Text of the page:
All Songs +1: Beach House Talks About Their New Song
There's a new album coming from Beach House, the dreamy Baltimore-based duo of Victoria Legrand and Alex Scally. That album, called Depression Cherry, comes out on Sub Pop on Aug. 28. Today we get to hear a first song from the album, called "Sparks," and Bob Boilen interviewed Beach House about it.
This week marks the mid-point of 2015, and the All Songs Considered team is ready to take stock. On this week's show, we share our favorite music from debut albums released in the first half of this year. It's only June, but we picked the music we're already eyeing for our year-end lists in December.
Melbourne guitarist and singer Courtney Barnett has been an NPR Music favorite since I caught three of her performances at New York's CMJ Music Festival in 2013. Her blend of witty lyricism and deadpan delivery made for two excellent EPs, and this year a full-length that will surely end up at the very top of my year-end list, Sometimes I Sit And Think, And Sometimes I Just Sit. Barnett just wrapped up a sold-out tour in support of the album, and I invited her to stop by between D.C. shows to act as our Guest DJ for this week's episode of All Songs Considered. I saw both of Barnett's shows at the 9:30 Club, and the crowds were full of younger fans, but also many of their parents. It's clear from the music she picked to play on our show that her musical sensibility, like her sound, spans decades. The influential artists Courtney Barnett discovered as a kid — Australian folk and rock bands, Wilco, Talking Heads — came to her through family and friends young and old, in school and at shows. Words are often at heart of those songs. It's no surprise for someone who writes such amazing, conversational lyrics, but Barnett is huge fun to talk to, and she was excited to talk about the music that the loves, not just the music she makes.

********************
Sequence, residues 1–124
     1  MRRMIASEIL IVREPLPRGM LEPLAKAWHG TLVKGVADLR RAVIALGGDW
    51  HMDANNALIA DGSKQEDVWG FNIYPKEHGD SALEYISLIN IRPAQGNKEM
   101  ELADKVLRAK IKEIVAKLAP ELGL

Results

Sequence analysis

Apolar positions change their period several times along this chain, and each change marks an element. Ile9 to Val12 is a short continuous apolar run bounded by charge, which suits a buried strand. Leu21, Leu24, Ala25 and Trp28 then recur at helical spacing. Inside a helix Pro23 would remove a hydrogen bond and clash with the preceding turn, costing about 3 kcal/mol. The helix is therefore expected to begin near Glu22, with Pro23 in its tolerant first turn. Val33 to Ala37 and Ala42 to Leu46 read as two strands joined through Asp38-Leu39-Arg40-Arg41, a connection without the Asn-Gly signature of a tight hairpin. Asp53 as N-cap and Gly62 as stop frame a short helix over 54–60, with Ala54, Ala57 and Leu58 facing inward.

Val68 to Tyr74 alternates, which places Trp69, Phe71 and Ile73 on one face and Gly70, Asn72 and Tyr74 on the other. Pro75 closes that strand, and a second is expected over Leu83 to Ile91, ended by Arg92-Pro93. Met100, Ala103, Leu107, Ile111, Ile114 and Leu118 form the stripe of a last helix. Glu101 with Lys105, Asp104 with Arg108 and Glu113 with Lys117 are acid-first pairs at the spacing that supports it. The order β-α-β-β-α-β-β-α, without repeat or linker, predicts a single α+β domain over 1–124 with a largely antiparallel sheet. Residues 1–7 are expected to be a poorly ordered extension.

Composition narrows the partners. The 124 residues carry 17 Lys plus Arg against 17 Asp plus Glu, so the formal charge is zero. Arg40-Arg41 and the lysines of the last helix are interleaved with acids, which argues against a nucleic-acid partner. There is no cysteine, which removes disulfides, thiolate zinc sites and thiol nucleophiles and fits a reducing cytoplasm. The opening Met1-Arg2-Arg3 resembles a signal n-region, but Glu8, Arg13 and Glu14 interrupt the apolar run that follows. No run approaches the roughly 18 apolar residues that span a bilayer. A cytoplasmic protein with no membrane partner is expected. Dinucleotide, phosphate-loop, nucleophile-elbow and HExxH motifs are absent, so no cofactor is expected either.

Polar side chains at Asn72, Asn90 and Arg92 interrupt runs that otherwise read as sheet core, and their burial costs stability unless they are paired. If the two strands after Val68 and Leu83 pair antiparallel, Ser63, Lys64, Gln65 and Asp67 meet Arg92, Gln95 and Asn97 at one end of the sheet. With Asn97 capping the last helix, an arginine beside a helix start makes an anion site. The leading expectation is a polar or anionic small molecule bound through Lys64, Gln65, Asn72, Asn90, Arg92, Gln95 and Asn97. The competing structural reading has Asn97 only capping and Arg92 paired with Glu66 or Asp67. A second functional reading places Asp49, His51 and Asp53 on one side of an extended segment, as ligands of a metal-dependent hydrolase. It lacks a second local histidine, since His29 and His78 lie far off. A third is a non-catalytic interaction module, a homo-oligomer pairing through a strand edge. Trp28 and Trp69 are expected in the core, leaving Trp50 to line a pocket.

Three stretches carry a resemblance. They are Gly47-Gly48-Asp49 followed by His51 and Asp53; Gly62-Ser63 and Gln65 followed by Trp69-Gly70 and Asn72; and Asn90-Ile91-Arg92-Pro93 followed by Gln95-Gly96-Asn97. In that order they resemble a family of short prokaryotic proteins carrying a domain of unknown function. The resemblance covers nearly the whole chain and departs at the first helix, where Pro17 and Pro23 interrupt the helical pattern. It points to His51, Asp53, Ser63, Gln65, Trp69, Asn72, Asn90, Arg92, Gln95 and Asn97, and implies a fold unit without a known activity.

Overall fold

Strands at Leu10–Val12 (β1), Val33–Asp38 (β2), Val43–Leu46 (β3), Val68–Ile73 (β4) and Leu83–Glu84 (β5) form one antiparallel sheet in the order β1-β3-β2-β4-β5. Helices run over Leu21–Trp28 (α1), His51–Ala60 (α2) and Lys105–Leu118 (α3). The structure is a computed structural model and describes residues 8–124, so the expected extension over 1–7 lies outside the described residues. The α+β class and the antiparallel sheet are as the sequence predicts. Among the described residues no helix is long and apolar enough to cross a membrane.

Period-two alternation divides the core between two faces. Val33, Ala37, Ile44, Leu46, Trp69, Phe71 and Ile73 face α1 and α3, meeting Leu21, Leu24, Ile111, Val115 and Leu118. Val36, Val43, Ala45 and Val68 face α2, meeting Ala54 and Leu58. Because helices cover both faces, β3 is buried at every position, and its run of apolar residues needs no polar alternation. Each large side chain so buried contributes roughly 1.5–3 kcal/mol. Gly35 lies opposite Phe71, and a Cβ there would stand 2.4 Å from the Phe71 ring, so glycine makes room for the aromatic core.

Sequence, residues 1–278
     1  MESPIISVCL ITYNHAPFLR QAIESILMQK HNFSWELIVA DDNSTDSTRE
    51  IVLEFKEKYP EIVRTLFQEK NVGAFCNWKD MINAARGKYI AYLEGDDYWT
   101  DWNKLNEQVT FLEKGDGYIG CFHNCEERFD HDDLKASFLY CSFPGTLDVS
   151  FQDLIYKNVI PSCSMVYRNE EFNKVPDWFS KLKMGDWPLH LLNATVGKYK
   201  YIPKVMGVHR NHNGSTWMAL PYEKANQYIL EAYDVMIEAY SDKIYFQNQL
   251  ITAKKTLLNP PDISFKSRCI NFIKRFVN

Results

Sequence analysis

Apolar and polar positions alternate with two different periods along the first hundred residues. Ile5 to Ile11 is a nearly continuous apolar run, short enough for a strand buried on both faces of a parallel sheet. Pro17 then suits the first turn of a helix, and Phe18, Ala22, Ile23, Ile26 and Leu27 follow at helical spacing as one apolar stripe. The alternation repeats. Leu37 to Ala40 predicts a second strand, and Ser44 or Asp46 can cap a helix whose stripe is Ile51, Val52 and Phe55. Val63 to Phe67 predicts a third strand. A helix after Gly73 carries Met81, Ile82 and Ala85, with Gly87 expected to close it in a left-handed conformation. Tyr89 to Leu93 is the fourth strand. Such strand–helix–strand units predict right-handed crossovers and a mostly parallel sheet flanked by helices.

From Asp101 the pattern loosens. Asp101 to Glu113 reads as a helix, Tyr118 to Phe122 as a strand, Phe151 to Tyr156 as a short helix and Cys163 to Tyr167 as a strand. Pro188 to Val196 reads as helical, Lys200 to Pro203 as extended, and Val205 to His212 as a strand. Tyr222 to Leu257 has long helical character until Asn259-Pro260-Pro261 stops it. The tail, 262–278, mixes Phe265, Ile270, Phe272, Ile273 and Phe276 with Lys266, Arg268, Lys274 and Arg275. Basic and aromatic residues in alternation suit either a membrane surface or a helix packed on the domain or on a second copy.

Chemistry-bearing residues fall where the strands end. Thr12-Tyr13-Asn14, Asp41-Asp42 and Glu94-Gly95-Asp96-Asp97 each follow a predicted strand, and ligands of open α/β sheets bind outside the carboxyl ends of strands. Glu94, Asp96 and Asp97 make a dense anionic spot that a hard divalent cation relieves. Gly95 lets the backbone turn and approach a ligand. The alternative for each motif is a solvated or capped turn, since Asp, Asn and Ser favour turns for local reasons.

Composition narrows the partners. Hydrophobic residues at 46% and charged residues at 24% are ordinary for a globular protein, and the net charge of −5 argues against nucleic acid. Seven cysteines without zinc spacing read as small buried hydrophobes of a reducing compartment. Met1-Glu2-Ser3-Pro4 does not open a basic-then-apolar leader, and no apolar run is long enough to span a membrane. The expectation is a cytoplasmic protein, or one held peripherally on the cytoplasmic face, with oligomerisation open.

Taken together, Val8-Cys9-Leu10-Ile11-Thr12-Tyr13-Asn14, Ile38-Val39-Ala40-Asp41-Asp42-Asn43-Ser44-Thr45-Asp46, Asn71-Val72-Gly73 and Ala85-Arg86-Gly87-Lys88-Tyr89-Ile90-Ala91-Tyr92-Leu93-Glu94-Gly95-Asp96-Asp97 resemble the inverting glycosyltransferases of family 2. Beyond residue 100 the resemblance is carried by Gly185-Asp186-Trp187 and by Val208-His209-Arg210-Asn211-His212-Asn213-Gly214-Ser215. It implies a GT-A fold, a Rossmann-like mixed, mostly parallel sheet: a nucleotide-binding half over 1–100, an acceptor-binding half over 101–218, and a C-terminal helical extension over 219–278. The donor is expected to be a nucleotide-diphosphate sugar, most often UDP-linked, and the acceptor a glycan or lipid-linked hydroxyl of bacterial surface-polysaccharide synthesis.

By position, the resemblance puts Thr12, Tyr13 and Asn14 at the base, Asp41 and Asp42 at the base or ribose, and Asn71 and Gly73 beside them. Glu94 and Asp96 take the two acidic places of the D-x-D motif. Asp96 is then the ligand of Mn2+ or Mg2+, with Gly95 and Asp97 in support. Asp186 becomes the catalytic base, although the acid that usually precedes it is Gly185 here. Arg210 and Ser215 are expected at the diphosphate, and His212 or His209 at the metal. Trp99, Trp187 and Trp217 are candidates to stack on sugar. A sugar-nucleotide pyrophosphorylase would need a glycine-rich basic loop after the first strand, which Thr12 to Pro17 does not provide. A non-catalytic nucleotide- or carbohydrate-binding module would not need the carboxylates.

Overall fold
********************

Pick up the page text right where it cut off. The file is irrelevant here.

London poet, playwright, and hip-hop artist Kate Tempest was Bob Boilen's favorite discovery from the SXSW festival this year. Her gripping performance style and obvious commitment to connecting deeply with her audience led Bob to her stunning 2014 record, Everybody Down, a searing but empathetic character study of three young Londoners. We asked Tempest to be our guest DJ on this week's episode of All Songs Considered to find out the story behind her stories. Unsurprisingly, the songs by other musicians that she chose to play point feature sharp, contemplative lyrics and artists who have never compromised their work in the name of popularity or commercial success. From a life-changing experience with the rapper RZA to the Dylan that woke her up to the power of words, the music Tempest talks about on our show is all about the ways music can break down walls to communicate directly with whoever's listening.
New Music from Dan Auerbach, Joan Shelley, Beauty Pill, More
On this week's episode of All Songs Considered, we've got an album announcement from a new band featuring Dan Auerbach of the Black Keys and song premieres from Widowspeak and Joan Shelley. We've also got an incredible story, one that surrounds the latest release from D.C. band Beauty Pill. The album, Beauty Pill Describes Things As They Are, was made following bandleader Chad Clark's brush with death, but Clark doesn't just tell his own story on the album's songs. The song we play on the show, "Steven and Tiwonge," is a profound tale of two more real-life people that's every bit as urgent and meaningful as Clark's own struggle